I am not able to tell on which Raag the song has been composed. However, the tune closely resembles that of ae ri jaane na doongi from ‘Chitralekha’ (1964) which, according to Swarganga, is based on Raag Kamod.

Note: In this article, I have taken some inputs from an interview of O P Nayyar which appeared on http://www.cinemasangeet.com. and also from an article on O P Nayyar which was published in millenniumpost.

Audio Clip:

Song-Bedardi preet nahin jaani (Qaidi)(1957) Singers-Asha Bhonsle, Usha Mangeshkar, Lyrics-Jaan Nisaar Akhtar, MD-O P Nayyar
Both

Lyrics

tana naadir dirta ni ta nata taani ee
tana naadir dirta ni ta nata taani ee

bedardi preet nahin jaani ee
bedardi preet nahin jaani ee
main to roothhi sajanwaa
jaa tum sang nahin bo….loon
naahi boloo..n
bedardi preet nahin jaani ee
bedardi preet nahin jaani ee

jaa jaa jaa jaa re sainyyaan more
kaahe hamri bainyyaan marore
aaaaaaaaaa
aaaaaaaaaa
aaaaaaaaaa
jaa jaa jaa jaa re sainyyaan more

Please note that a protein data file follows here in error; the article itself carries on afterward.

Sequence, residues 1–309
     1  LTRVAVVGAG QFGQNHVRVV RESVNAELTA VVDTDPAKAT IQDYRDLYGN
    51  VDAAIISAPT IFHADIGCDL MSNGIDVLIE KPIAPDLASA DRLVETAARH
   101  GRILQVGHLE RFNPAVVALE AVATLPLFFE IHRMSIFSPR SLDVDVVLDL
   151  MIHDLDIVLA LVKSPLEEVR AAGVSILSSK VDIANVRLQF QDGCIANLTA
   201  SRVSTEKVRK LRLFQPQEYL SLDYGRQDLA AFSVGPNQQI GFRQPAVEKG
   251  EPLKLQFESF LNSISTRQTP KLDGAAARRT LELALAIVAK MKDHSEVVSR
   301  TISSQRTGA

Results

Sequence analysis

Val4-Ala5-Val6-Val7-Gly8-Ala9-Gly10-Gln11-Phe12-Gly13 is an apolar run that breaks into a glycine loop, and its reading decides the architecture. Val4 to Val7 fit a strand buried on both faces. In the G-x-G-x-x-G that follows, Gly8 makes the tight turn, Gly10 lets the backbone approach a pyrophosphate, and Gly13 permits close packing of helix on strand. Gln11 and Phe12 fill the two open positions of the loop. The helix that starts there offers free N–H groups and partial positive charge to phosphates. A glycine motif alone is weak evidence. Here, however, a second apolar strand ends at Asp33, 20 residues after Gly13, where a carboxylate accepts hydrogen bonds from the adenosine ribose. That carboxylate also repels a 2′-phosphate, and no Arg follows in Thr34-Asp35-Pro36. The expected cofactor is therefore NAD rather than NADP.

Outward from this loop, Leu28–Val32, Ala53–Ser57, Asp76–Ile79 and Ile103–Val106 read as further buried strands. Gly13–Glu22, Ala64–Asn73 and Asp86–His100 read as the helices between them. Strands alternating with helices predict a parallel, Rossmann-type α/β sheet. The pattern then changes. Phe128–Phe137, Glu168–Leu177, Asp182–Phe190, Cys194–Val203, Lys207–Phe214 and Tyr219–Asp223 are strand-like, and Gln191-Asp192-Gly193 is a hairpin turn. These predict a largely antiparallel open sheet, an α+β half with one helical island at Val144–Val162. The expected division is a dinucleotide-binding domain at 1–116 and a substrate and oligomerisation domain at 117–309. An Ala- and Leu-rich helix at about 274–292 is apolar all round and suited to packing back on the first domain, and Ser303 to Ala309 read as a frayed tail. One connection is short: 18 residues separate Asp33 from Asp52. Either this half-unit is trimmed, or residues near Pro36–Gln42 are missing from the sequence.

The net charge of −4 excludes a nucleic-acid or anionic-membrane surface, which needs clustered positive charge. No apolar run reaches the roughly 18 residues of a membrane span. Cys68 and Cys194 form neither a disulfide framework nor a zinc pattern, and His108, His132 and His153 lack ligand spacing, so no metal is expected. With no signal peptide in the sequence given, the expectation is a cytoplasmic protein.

kaahe hamri bainyyaan marore

aaaaaaaaaa
aaaaaaaaaa
aaaaaaaaaa
jaa jaa jaa jaa re sainyyaan more
kaahe hamri bainyyaan marore

ghoonghat ke pat main nahin kholoon
ghoonghat ke pat main nahin kholoon
bedardi preet nahin jaani ee
tana naadir dirta ni ta nata taani ee
bedardi preet nahin jaani ee
main to roothhi sajanwaa
jaa tum sang nahin bo…loon
naahi boloo…n
bedardi preet nahin jaani ee
bedardi preet nahin jaani ee

main na tere bas mein aaun
jaa re jaa nahin ankhiyaan milaaun
aaaaaaaaaaa
aaaaaaaaaa
aaaaaaaaaaaaa
main na tere bas mein aaun
jaa re jaa nahin ankhiyaan milaaun/font>
aaaaaaaaaa
aaaaaaaaaa
aaaaaa
main na tere bas mein aaun
jaa re jaa nahin ankhiyaan milaaun

kaahe sainyyaan main teri ho loon
kaahe sainyyaan main teri ho loon
bedardi preet nahin jaani ee
bedardi preet nahin jaani ee
tana naadir dirta ni ta nata taani ee

main to roothhi sajanwaa
jaa tum sang nahin bo….loon
naahin boloo…n
bedardi preet nahin jaani ee
tana naadir dirta ni ta nata taani ee

8 Responses to "Bedardi preet nahin jaani"